Earlier this year, speculation ran rampant about the fate of the 67 percent temporary income tax hike, much of which is set to expire Jan. 1.
Although he was repeatedly asked his position on keeping the tax around, Gov. Pat Quinn pretty much ducked the question. He kept that up until his March budget speech, when he declared the tax hike should be made permanent to avoid drastic cuts to state services.
That same day, both Senate President John Cullerton, D-Chicago, and House Speaker Michael Madigan, D-Chicago, said they, too, supported making the tax hike permanent. Madigan also said he expected the issue to be resolved before the end of the spring session.
That appeared to somewhat blunt the cynics who assumed the tax hike would be made permanent, but during a lame-duck session after the November election when lawmakers would either be safely re-elected or defeated and therefore free to vote on the tax extension without fear of facing voters again.
Well, bring back the idea of the lame-duck tax hike. The House Democrats couldn’t or wouldn’t put enough votes on a bill to keep the tax hike permanent. At the same time, you have to prepare a state budget based on the revenue you’re going to get in the upcoming year. In this case, that means a whole lot less in income taxes.
The House Democrats used some of the old gimmicks to minimize the impact, such as borrowing from restricted state funds, but the budget they produced appears to be a crisis waiting to happen.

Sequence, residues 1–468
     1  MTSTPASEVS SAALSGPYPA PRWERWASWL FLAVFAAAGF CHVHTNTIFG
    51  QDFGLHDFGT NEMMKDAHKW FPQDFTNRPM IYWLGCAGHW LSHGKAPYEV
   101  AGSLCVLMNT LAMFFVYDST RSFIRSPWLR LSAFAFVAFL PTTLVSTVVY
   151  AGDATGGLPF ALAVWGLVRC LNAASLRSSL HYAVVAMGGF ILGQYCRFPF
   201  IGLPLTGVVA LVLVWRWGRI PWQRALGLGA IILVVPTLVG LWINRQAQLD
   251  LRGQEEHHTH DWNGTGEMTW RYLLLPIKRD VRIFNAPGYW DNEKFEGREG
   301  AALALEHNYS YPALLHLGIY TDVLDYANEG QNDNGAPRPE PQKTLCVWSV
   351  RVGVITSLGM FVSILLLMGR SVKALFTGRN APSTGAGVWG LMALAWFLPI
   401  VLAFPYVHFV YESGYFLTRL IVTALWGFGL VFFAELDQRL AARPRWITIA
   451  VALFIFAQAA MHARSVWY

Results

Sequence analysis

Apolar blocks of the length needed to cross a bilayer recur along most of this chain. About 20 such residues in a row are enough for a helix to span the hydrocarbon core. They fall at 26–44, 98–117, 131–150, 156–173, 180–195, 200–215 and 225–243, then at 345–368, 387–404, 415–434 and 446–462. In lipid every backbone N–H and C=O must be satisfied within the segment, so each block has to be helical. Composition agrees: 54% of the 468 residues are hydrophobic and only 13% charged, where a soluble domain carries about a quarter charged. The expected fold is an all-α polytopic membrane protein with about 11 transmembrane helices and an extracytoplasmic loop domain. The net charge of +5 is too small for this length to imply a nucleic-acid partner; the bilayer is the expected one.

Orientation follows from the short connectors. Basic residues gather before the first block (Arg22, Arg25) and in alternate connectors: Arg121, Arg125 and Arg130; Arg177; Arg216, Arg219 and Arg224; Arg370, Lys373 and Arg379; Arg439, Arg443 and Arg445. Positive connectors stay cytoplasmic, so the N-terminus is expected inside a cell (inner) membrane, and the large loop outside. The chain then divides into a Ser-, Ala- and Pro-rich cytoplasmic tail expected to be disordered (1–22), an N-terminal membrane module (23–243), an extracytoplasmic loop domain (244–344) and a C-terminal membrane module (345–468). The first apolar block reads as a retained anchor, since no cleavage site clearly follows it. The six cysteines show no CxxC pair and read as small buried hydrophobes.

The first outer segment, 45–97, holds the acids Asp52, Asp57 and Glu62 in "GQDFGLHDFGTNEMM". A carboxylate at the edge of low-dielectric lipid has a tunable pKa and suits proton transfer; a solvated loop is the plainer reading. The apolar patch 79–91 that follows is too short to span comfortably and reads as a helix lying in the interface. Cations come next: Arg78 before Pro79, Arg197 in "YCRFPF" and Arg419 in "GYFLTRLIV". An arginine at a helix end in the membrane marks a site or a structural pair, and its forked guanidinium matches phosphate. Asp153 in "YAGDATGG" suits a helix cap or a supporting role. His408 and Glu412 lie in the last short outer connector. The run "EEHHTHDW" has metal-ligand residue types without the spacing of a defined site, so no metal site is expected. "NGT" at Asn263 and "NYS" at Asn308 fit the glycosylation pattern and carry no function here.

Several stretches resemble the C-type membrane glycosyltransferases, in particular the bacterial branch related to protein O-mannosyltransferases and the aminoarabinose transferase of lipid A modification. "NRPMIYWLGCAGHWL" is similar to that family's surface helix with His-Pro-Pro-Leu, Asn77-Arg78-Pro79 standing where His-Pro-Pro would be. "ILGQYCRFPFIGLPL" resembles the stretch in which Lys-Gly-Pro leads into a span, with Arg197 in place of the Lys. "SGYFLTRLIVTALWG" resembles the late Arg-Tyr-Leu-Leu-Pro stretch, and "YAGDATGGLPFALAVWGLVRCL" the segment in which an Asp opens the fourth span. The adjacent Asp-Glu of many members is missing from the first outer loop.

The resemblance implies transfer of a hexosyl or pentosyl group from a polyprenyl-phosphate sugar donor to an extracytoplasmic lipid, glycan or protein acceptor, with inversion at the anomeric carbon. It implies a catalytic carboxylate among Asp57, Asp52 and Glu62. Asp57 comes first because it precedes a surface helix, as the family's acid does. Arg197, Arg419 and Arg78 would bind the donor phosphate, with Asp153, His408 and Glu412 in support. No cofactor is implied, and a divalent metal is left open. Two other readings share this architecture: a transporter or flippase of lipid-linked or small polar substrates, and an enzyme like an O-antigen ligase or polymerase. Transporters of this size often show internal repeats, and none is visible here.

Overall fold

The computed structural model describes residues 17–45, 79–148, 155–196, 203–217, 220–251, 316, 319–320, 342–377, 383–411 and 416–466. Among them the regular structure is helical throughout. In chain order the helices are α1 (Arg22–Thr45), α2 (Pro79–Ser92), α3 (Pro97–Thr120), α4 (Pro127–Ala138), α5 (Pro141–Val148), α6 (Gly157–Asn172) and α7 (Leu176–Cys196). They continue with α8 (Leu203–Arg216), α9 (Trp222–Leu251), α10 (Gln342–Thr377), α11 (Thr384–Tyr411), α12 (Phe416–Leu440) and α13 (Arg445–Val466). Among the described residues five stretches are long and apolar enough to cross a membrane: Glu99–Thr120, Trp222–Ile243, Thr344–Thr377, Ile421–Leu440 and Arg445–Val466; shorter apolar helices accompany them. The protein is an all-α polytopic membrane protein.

There are those who think the state can stumble through the first 6 months of the fiscal year before the stuff really hits the fan. That brings us to January.
So we’re sort of back where we started. If Quinn gets re-elected, the pressure will be on to keep the tax hike around with a lame-duck vote on the issue.
If Republican Bruce Rauner wins? Well, he says the tax hike should go away anyway, and he’s got a plan to show how it works. Maybe then we’ll finally see it.
Pat’s bad year
This hasn’t been a particularly good year for Quinn.
He didn’t get the tax extension.
He didn’t get the $500 pre-election checks for property taxpayers (another of his proposals).
He didn’t get an increase in the minimum wage (although he’ll get an advisory referendum).
There’s no increase in the earned income tax credit.
And most of his budgetary priorities went down the drain.
He did get a new capital program of sorts, all of $1 billion for roads and bridges.
It’s a good thing the Legislature is controlled by Democrats. Imagine the carnage if Republicans were in charge.
But like the Chicago Cubs, there’s always next year and the hope it will prove more successful. Except, depending on the November election, this could have been Quinn’s last spring hurrah.
“For Pete’s sake, we ought to just let her sell the cupcakes unless someone dies of an overdose of them.”
– Sen. William Haine, D-Alton, speaking against a bill that would impose lengthy regulations on the 11-year-old Cupcake Girl and other amateur home bakers.
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“I haven’t read the language of the amendment.”
– Speaker Madigan in response to a question about a bill he sponsored to make the Abraham Lincoln Presidential Library and Museum its own state agency.
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“It’s the most responsible budget we can pass in this climate, given that everybody is against everything.”
– Rep. John Bradley, D-Marion, reflecting frustration that representatives didn’t want to cut the budget and didn’t want to support the taxes needed to pay for it.
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“Think of what we could do with $2 billion. We could even buy the L.A. Clippers.”
– Rep. Tom Cross, R-Oswego, on projections the state’s unpaid bill backlog will grow by $2 billion under the new state budget.